Overall, a surprisingly great looking build. I wasn’t expecting it to be bad, but it’s certainly nice and tidy for something in this price range.
The shape of the side panel window works really well too, as it hides the hard drive bays and any “cable management” you’ve done towards the front of the chassis.
The BitFenix Nova is available from Overclockers UK for a very reasonable £26.99 for the windowed model in black or white, while the non-windowed model is just £23.99 and is also available in black or white. This is exceptional value for money and will no doubt be hard to beat for anyone looking for a mid-tower chassis.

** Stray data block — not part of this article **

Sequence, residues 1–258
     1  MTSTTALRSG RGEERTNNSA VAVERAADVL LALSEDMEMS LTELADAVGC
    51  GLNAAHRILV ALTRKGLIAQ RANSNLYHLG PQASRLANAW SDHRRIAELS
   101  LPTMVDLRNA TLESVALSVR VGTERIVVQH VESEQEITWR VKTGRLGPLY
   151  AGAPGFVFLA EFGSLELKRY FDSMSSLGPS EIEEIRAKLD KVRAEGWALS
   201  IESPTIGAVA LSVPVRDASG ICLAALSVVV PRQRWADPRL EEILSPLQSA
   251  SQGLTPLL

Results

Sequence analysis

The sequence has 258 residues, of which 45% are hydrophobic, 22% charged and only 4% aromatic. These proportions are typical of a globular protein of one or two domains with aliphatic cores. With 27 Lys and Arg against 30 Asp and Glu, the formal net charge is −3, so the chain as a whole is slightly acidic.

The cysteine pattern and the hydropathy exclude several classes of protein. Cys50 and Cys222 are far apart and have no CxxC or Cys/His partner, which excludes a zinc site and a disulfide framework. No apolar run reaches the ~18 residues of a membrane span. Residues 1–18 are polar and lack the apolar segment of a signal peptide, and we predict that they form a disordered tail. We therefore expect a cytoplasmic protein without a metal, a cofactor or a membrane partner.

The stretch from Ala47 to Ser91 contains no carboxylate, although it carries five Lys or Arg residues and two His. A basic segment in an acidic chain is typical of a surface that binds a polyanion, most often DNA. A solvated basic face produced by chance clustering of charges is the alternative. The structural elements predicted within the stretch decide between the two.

The BitFenix Nova is exceptional value for money, offering a perfectly capable mid-tower that is going to appeal to a lot of system builders who don’t want to spend a huge amount of money. Of course, it is cheap for a reason and does come with a few small drawbacks that should be considered before purchase. The panels are quite thin, so if you’re running noisy hardware, it’s possible the case could suffer from vibrations, noise leakage, or even prove easy to dent if you’re likely to kick it, by accident or on purpose. Then we’ve got the lack of pre-installed fans, sure it does help keep cost down, but if you’re putting a graphics card in here, you’ll want at least one extra fan for air intake. If you’re fitting a 120mm AIO in the back, you could easily move the rear 120mm pre-installed fan to the front to save costs. Finally, the rear expansion slots are a snap-off design, not a deal breaker, but something worth keeping in mind when you upgrade your system at a later date.